As St. John Paul II instructed, when major solemnities and feast days fall on a Sunday the local Bishops’ conferences may allow for the solemnity or feast day to be celebrated in place of the Sunday in Ordinary Time. This Sunday, as we celebrate the Feast of the Exaltation of the Holy Cross, I present a Reflection for you based on the writings of Benedictine Susan Sink and Rev. James Field, writing for J.S. Paluch Co.
Feast of the Exaltation of the Holy Cross
In today’s Gospel, Jesus reminds Nicodemus how Moses had “lifted up the serpent in the desert.” Then Jesus says, “So must the Son of Man be lifted up, that all who believe may have eternal life in him.” Lifted up on the cross, Jesus was despised and seemed the most abject of people. But it was in embracing this disgrace and painful death that he became the bearer of eternal life for all of us. His “lifting up” in shame was also his “lifting up” in glory and triumph.
Paul, in his letter to the Philippians, tells us what this means. God, the same God who led the Israelites in the desert, emptied himself and became human, humbled himself and was obedient even to death on the cross. He was raised high to protect us, to heal the wound of sin, and connect us to the healing protection of God.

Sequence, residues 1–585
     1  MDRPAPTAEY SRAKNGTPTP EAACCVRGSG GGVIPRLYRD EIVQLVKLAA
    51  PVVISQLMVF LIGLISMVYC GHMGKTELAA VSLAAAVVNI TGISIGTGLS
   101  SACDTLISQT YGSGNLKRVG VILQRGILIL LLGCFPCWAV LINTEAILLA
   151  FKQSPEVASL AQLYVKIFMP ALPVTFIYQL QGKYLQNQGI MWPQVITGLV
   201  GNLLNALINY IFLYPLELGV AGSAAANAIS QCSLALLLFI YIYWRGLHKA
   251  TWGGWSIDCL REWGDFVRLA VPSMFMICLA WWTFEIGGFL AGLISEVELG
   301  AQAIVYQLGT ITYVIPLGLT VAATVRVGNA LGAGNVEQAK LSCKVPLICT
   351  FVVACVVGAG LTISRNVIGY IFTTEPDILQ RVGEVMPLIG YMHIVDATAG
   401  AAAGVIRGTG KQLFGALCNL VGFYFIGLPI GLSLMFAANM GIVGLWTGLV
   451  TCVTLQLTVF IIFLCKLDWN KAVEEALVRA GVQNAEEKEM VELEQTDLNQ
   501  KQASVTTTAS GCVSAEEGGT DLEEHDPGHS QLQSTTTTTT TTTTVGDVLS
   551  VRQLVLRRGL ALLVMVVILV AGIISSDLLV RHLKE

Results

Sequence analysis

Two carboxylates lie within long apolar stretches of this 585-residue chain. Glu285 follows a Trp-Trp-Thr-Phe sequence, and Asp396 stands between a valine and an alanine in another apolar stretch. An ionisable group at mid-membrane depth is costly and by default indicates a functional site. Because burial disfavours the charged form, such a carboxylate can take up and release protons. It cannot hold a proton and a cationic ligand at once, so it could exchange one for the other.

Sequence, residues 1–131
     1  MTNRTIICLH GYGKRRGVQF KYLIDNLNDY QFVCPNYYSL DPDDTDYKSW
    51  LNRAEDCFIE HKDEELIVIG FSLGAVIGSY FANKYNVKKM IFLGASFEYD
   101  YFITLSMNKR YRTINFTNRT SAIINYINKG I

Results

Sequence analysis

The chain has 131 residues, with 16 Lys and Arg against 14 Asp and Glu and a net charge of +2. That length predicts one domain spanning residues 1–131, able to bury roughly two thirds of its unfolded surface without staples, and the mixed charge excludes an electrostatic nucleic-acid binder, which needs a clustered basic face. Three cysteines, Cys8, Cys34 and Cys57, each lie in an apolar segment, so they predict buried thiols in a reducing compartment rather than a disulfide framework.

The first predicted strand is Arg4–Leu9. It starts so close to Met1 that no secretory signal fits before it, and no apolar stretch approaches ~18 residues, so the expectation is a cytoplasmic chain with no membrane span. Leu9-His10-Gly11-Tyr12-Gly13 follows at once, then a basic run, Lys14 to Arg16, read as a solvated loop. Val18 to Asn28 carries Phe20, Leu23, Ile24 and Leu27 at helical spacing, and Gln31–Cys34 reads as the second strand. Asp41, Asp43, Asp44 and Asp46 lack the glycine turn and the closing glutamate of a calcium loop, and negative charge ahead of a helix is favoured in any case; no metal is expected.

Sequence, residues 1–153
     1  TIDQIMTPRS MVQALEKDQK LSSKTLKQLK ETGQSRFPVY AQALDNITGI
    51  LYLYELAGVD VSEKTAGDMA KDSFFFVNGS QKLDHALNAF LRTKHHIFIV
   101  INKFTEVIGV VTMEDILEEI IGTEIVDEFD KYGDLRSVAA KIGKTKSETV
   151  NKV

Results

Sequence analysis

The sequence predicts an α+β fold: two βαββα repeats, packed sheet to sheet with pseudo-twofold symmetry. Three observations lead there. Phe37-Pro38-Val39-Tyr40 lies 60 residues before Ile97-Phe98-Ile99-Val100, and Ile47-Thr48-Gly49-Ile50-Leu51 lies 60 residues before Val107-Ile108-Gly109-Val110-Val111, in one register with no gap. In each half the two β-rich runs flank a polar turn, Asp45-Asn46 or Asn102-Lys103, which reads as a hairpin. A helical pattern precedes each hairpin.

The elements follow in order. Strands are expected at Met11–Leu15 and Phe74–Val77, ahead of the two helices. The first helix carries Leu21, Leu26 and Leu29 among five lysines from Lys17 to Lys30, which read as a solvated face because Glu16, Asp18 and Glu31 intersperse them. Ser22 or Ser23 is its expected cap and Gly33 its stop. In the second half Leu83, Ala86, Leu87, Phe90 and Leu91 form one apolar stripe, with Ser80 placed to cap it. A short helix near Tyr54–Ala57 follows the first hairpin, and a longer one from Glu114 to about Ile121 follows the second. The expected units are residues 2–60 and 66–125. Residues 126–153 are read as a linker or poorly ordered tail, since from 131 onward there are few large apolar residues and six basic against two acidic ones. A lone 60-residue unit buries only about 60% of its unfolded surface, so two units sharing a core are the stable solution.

When we look at the cross, when we keep our eyes on how God emptied himself to become flesh, we recognize the truth of the world and our place in it. Each week we carry the cross through the church and raise it before us. The cross dominates our celebration, even as we read the Word and prepare the Eucharistic meal, even as we sing praise to God and join together in a meal remembering his death and resurrection.
The Feast of the Exaltation of the Holy Cross is a most glorious feast: the cross is a non-negotiable in following the path Christ has set for us. Christians rarely do anything of substance without making the sign of the cross. Making the sign of the cross is an ancient symbol of blessing and one which clearly identifies to Whom we belong.
This is why the world needs the cross. The Cross is not just a private symbol of devotion—it speaks of hope, it speaks of love, it speaks of God raising up the lowly, and overcoming hatred with love.
We adore you, O Christ, and praise you. Because by your holy cross you have redeemed the world.
Historical Background of this Feast
On this date in 335, two churches and a shrine erected by Constantine over the empty grave of Jesus and over the place of the crucifixion were dedicated. After these were destroyed by the Persians in 614, the Church of the Holy Sepulcher, which still stands, was erected by the Crusaders in 1149. Today also commemorates the event that led to the building of the churches dedicated in 335—the discovery of the “true cross” by St. Helena, Constantine’s mother, in 326. According to one legend, St. Helena traveled to Jerusalem on pilgrimage in search of the true cross. Workers she hired dug through a pagan temple that had been erected on the site of the Crucifixion by Hadrian and found three crosses. A dying woman was brought in, and touched by each cross in succession, the last of which healed her. Helena ordered that this cross be divided in three parts: one to be kept in Jerusalem and the other two to be sent to Constantinople and Rome. The pieces in Jerusalem and Constantinople were ultimately lost. Slivers were taken from the portion that went to Rome until eventually it was scattered around the world.